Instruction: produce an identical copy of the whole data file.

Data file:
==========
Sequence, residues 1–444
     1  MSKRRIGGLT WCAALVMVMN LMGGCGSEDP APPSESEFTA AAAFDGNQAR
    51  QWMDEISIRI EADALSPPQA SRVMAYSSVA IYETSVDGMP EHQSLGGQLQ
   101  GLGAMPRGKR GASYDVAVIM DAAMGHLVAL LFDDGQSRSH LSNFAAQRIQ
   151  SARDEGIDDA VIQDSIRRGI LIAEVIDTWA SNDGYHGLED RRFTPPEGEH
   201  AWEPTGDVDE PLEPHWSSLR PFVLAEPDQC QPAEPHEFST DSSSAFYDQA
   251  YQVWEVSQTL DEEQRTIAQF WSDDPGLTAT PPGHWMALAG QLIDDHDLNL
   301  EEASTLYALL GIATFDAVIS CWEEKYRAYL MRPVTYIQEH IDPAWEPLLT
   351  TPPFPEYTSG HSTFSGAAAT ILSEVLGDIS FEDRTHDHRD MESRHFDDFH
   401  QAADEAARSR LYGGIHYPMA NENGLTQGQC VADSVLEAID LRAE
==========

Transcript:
Sequence, residues 1–444
     1  MSKRRIGGLT WCAALVMVMN LMGGCGSEDP APPSESEFTA AAAFDGNQAR
    51  QWMDEISIRI EADALSPPQA SRVMAYSSVA IYETSVDGMP EHQSLGGQLQ
   101  GLGAMPRGKR GASYDVAVIM DAAMGHLVAL LFDDGQSRSH LSNFAAQRIQ
   151  SARDEGIDDA VIQDSIRRGI LIAEVIDTWA SNDGYHGLED RRFTPPEGEH
   201  AWEPTGDVDE PLEPHWSSLR PFVLAEPDQC QPAEPHEFST DSSSAFYDQA
   251  YQVWEVSQTL DEEQRTIAQF WSDDPGLTAT PPGHWMALAG QLIDDHDLNL
   301  EEASTLYALL GIATFDAVIS CWEEKYRAYL MRPVTYIQEH IDPAWEPLLT
   351  TPPFPEYTSG HSTFSGAAAT ILSEVLGDIS FEDRTHDHRD MESRHFDDFH
   401  QAADEAARSR LYGGIHYPMA NENGLTQGQC VADSVLEAID LRAE